Thursday, October 21, 2004
Wednesday, October 20, 2004
Thursday, October 14, 2004
Tuesday, October 12, 2004
Friday, October 01, 2004
Friday, August 20, 2004
Thursday, August 19, 2004
Wednesday, August 18, 2004
Tuesday, August 17, 2004
Brave New World, Aldous Huxley
I'm not sure if I liked this. I think it seemed quaint and forced, simplistic, childish.
The ideas in it make me curious, make me think I should maybe read it again. But the impressions I got from the first time are discouraging.
Hocus Pocus, Kurt Vonnegut
I did a project comparing this to The Diviners, and one thing I remember emphasising was how the timeline in Hocus Pocus straddles both the near past and the near future. It starts some 20 years before the book was written, and ends some 20 years after. I thought that was a mark of the author's confidence.
I think it was quite good, though I don't remember what it was about, and its memory makes me want to read more Vonneguts.
The Diviners, Margaret Laurence
I remember doing my homework about this book and finding an article that listed this book's first sentence as among the top first sentences of all time. It starts: "The river flowed both ways." And I think it continues with the same force.
Monday, August 16, 2004
Sunday, August 15, 2004
Saturday, August 14, 2004
Friday, August 13, 2004
Thursday, August 12, 2004
Wednesday, August 11, 2004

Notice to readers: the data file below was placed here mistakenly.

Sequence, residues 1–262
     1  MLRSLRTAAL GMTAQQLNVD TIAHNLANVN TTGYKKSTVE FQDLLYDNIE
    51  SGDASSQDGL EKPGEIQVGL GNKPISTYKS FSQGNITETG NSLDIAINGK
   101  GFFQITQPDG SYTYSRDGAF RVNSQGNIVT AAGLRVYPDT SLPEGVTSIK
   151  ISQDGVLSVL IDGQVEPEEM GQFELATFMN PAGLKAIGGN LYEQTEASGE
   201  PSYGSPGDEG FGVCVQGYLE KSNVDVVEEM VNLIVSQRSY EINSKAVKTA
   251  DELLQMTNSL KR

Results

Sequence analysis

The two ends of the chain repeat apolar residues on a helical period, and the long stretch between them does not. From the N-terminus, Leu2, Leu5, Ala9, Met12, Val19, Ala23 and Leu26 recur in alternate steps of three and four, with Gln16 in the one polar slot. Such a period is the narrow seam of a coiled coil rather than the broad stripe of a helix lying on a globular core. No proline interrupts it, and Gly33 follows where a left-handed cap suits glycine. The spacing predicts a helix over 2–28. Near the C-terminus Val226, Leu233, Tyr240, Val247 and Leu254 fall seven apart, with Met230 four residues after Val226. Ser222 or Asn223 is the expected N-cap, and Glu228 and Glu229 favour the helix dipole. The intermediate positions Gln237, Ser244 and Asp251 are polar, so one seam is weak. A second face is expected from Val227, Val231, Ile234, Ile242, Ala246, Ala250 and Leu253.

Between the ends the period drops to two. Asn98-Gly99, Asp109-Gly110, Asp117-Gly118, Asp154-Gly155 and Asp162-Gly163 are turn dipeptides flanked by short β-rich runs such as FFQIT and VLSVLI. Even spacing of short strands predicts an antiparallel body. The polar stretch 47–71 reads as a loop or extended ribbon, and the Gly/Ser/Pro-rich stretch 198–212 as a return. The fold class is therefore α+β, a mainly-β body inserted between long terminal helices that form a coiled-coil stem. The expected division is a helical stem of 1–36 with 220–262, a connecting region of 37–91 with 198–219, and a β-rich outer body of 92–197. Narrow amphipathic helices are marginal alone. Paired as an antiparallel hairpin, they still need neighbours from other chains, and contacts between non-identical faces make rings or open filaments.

Tuesday, June 01, 2004
Dirk Gently's Holistic Detective Agency, Douglas Adams
Definitely not as inspired as The Hitchiker's Guide to the Galaxy.
I remember a murder investigation in which the crime scene featured an impossible murder; I believe a man's head was found spinning on a record player in a room to which all access between the murder and its discovery had been impossible. This reminds me of Legion, by William Blaty.
Saturday, April 10, 2004
The Lord of the Rings, J. R. R. Tolkien
I was proud of myself after finishing this. I was at a Catholic school, and we had Bibles, and I remember comparing the hefty sizes of both books and telling people "I've read a book bigger than the Bible."
(They didn't care.)
What can I say about a book I read 15 years ago and of which a hugely popular movie was recently seen by every person in the world? I can't trust my own memory. I think I liked it quite a bit. I remember building sandcastles representing the various cities in the book. I liked the whole logical geography of the whole thing.
I also remember that my dad thought the book was way too big to handle comfortably, so he cut it into its three component books with a kitchen knife, and announced that I should draw some nice new covers for the parts. Whatever... it fell into tatters.
Friday, April 09, 2004
Thursday, April 08, 2004
Monday, March 08, 2004
So Long, and Thanks for All the Fish, Douglas Adams
This series, which started brilliantly and kept it up for a while, had largely changed tone by this point. There were several nevertheless interesting ruminations and absurdities left, like bistromath, plus sex to plug the cracks.
The Mystery of the Stuttering Parrot, Robert Arthur
Just the title sounds so evocative and thrilling.
No seriously--they solved some mystery by figuring out why that parrot stuttered, right? Didn't they find it at the scene of the crime, and then search for its stuttering owner? That's so awesome.